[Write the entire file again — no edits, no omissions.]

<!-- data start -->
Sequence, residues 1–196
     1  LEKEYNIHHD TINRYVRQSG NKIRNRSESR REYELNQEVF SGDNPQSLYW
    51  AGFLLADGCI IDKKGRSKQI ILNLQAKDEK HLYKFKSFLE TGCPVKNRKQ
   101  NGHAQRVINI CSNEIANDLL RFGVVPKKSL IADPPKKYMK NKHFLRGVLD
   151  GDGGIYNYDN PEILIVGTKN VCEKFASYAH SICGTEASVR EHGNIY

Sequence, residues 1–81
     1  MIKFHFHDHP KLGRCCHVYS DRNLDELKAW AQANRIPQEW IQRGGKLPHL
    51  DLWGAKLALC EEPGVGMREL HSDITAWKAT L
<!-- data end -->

Sequence, residues 1–196
     1  LEKEYNIHHD TINRYVRQSG NKIRNRSESR REYELNQEVF SGDNPQSLYW
    51  AGFLLADGCI IDKKGRSKQI ILNLQAKDEK HLYKFKSFLE TGCPVKNRKQ
   101  NGHAQRVINI CSNEIANDLL RFGVVPKKSL IADPPKKYMK NKHFLRGVLD
   151  GDGGIYNYDN PEILIVGTKN VCEKFASYAH SICGTEASVR EHGNIY

Sequence, residues 1–81
     1  MIKFHFHDHP KLGRCCHVYS DRNLDELKAW AQANRIPQEW IQRGGKLPHL
    51  DLWGAKLALC EEPGVGMREL HSDITAWKAT L